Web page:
This might sound like a nice idea, but your to do list is miles long, so when you have time… Please realise that we will never have time – this is a choice we make, which will gradually make our lives easier, and enable those around us to work smarter as well.

The qualities of the excellent 21st century manager are not alien to any of us. They are the qualities of mature and thoughtful human beings. You undoubtedly have them – the question is, are you using them at work? And are you willing to make that choice now?

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There’s a disturbing new virus that is hitting at the core of every part of society. It’s called the tiredness virus and it’s something that we at Meta are committed to eradicating. There is no doubt that the tiredness virus is badly affecting organisations right now, it’s hitting the productivity of organisations very hard.

Why? Because tired people are NOT good for your organisation, nor are they good for anything! Think about it – when you’re tired:

  • Bad decisions get made
  • Awful mistakes happen
  • Office tempers flare up
  • Work seems harder to do
  • Efficiency is vastly reduced
  • Dealing with anyone is hard work
  • You end up being busy rather than being effective
  • The to-do list seems never-ending
  • And some days you feel like nothing has got done!

No-one is effective when they are tired, and everyone finds work and life more difficult.

Most people right now in the workplace are playing catch up with their sleep. They work longer hours than ever. With the wonders of smart phones and Blackberrys now, there is no escape from the office. You are being contacted at all hours and expected to respond at all hours. You probably live off coffee/tea/Red Bull at the moment and are rarely eating a proper lunch. Your body and your mind are tired, worn out and in need of some respite. Not because it’s a nice or right thing to do, (although it is the right thing to do) but because actually it makes sound business sense. If you are properly rested and you have filled your fuel tank properly, the by-product of that will be that you work more efficiently and more effectively.. And feel better for it!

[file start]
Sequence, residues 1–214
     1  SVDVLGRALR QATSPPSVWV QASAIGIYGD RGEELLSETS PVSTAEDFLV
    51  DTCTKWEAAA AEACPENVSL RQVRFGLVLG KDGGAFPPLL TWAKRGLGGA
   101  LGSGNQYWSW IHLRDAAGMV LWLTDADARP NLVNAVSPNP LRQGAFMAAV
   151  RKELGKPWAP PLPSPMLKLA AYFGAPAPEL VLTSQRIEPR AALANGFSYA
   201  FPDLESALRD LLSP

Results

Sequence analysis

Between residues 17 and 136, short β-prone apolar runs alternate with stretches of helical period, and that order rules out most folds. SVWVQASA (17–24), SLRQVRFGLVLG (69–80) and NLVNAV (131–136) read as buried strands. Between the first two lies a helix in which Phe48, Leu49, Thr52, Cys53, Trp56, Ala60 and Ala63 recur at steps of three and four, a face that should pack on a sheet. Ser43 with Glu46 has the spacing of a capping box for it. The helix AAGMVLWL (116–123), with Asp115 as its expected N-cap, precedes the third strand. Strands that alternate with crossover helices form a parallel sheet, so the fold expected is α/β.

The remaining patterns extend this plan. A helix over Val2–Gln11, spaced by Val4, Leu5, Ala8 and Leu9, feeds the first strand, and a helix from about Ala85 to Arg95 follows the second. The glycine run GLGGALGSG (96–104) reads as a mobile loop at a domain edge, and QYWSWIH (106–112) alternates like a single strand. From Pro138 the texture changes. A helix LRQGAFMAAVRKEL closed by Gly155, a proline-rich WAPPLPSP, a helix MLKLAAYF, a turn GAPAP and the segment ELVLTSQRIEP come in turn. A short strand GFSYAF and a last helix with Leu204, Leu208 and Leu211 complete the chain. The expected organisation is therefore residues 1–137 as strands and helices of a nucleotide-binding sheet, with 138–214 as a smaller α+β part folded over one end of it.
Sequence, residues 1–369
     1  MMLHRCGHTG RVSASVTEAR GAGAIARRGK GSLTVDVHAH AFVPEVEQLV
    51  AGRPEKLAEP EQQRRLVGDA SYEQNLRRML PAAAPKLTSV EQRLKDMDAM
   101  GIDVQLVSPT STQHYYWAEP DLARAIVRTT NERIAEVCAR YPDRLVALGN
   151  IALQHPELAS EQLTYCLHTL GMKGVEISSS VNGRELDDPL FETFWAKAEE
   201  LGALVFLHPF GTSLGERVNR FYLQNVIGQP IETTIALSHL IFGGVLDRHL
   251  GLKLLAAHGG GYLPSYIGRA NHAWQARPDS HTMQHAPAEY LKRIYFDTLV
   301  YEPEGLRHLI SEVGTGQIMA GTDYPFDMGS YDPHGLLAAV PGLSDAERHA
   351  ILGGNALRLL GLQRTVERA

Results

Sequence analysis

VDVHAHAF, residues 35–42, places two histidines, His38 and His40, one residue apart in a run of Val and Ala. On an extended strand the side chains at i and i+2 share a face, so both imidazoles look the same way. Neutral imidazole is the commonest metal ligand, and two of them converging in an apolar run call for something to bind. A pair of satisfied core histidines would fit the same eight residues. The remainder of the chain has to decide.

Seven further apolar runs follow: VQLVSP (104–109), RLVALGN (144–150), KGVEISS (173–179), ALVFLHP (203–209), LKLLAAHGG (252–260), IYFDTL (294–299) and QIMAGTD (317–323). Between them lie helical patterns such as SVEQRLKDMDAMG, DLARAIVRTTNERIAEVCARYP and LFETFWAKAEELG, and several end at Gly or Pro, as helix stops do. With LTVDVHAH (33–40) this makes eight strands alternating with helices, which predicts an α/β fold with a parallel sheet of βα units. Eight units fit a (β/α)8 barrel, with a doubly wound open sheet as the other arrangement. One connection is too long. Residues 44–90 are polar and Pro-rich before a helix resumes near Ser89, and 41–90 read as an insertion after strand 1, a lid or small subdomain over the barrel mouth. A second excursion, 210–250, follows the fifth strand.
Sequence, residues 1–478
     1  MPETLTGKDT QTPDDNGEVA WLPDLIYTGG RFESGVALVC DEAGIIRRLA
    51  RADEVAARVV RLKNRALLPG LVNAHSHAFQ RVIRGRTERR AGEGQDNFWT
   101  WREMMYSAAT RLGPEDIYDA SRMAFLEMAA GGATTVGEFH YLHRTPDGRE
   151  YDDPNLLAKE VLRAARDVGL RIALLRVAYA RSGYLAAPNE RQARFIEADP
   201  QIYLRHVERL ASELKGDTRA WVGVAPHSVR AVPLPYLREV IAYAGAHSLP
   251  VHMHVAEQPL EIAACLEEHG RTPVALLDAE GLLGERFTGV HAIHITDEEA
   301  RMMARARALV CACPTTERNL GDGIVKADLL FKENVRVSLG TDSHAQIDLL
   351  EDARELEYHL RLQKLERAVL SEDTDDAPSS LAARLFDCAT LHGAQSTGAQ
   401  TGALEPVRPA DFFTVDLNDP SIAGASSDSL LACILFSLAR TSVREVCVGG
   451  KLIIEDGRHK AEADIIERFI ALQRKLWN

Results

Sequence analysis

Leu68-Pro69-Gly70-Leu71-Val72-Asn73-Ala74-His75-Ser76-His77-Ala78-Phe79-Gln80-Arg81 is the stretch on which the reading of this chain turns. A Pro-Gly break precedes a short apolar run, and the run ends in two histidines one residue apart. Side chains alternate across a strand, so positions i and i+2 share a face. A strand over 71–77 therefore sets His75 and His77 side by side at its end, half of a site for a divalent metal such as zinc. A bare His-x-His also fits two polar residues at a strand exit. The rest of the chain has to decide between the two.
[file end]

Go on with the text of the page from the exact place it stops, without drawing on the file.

So what can you do?

Well, if you are in a position of power within your organisation, realise that if you want more to be done in an effective way, you must allow people to have their personal time, to take their breaks, let them go home on time, and don’t email them at 12am – they’ll think you’ll expect a response.

If you’re a leader then lead by example. Make sure you’re getting enough sleep, and show how effective you can be with sleep. When you feel tired, stop and have a break. Give yourself a chance to refresh when your effectiveness quotient is down.

The best solutions, the most exciting innovations come from downtime and reflection time. How many times have you been stuck and then got up and moved around, or sat down and reflected, or even gone to the loo and had a moment of inspiration?? ‘Inspiration’ literally means to ‘breathe in’ and so if you haven’t even got time to breathe (and lets face it a lot of us are just too busy right now) then its not surprising that inspiration doesn’t come calling very often.

I work mentoring young people (16-18) in my old school and I’m seeing a worrying trend (in the last 5 years) which is that young people are becoming as tired and exhausted as their parent role models. They are also running beyond their natural limits. What kind of example are we setting our own sons and daughters if we are constantly tired, grumpy and over-worked?

The evidence shows that if you are well rested your brain functions better and you get more work done in less time. You are more effective after a decent night’s sleep and when you work more effectively more gets done.

So if you want to get on top of your to-do list, keep your organisation healthy, and set a good example to your work colleagues and your family, do a few simple things –clear yourself of the tiredness virus.